ZZZ, no worries , we test new things all the time … Thanks for your observations !!! :thumbsup:
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Re: Glidden Gripper vs PPG gripper

Postby fishboat » Mon Jul 08, 2019 7:15 am

GPW wrote: Any Chemists here ?


yep.

I designed styrene-acrylic polymer-chain backbones for use in pigment grinding, over print varnish formulation, and coatings emulsion support. End uses were in the graphic arts industry and industrial coatings(latex house-paint/stains formulation..among others). Customers were some of the big houses..Sherwin Williams, Red Spot, PPG, Behr, Sun, Glidden, Rustoleum...others)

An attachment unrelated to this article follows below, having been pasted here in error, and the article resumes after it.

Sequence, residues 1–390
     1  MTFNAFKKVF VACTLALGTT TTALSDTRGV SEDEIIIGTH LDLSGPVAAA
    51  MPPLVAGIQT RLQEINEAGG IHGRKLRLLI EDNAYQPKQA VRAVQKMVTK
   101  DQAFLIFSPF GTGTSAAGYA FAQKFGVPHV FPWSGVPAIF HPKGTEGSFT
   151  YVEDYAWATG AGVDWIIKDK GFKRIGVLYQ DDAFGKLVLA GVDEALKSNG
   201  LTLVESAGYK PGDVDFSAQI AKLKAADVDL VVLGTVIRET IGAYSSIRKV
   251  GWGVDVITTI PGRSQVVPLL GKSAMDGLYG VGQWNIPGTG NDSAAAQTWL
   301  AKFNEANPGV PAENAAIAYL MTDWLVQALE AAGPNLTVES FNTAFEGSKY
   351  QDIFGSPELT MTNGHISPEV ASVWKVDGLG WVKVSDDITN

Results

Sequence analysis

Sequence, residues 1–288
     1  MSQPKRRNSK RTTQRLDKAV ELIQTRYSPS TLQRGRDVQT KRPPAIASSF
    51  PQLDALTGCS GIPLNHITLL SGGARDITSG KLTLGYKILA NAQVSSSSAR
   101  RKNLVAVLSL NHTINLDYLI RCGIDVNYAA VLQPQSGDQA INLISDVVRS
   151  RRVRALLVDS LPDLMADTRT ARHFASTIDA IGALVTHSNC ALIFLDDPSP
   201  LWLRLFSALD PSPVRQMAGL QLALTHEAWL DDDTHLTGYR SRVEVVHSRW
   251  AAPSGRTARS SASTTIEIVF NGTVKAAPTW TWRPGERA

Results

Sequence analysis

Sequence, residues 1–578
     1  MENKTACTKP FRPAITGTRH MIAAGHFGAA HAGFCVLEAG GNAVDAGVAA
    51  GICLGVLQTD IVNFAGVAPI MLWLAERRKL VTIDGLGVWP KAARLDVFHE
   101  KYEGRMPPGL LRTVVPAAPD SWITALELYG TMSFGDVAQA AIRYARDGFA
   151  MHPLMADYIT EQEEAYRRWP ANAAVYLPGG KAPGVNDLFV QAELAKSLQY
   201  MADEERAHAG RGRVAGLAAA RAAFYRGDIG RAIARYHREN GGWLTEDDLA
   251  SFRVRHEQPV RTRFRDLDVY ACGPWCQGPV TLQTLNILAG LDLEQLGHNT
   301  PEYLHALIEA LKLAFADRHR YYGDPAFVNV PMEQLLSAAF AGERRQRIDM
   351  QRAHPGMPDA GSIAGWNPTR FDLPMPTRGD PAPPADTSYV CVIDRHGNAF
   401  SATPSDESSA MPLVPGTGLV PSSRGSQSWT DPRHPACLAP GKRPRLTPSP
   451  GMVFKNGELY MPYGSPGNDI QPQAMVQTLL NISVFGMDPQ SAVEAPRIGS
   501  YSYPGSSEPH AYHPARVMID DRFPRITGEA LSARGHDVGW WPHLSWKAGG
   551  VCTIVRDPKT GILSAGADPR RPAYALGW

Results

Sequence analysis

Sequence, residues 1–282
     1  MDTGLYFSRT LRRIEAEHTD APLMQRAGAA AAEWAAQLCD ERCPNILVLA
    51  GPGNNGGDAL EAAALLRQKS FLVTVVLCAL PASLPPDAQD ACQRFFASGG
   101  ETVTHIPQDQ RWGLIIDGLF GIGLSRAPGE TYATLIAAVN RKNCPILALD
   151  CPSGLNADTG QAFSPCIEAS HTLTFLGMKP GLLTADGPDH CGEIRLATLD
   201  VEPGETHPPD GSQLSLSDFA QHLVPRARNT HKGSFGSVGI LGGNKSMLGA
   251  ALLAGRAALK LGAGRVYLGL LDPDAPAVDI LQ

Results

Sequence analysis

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Re: Glidden Gripper vs PPG gripper

Postby greygoos » Mon Jul 08, 2019 7:37 am

fishboat wrote:
GPW wrote: Any Chemists here ?


yep.

I designed styrene-acrylic polymer-chain backbones for use in pigment grinding, over print varnish formulation, and coatings emulsion support. End uses were in the graphic arts industry and industrial coatings(latex house-paint/stains formulation..among others). Customers were some of the big houses..Sherwin Williams, Red Spot, PPG, Behr, Sun, Glidden, Rustoleum...others)

Any suggestions for those of us who would like to come up with a substitute for Gripper. I ask that you not be discouraged by the naysayers some of which always have something to say but have never posted an actual example of a build or practical solution.
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Re: Glidden Gripper vs PPG gripper

Postby John61CT » Mon Jul 08, 2019 7:39 am

Have you done enough testing to also eliminate the new PPG version of Gripper?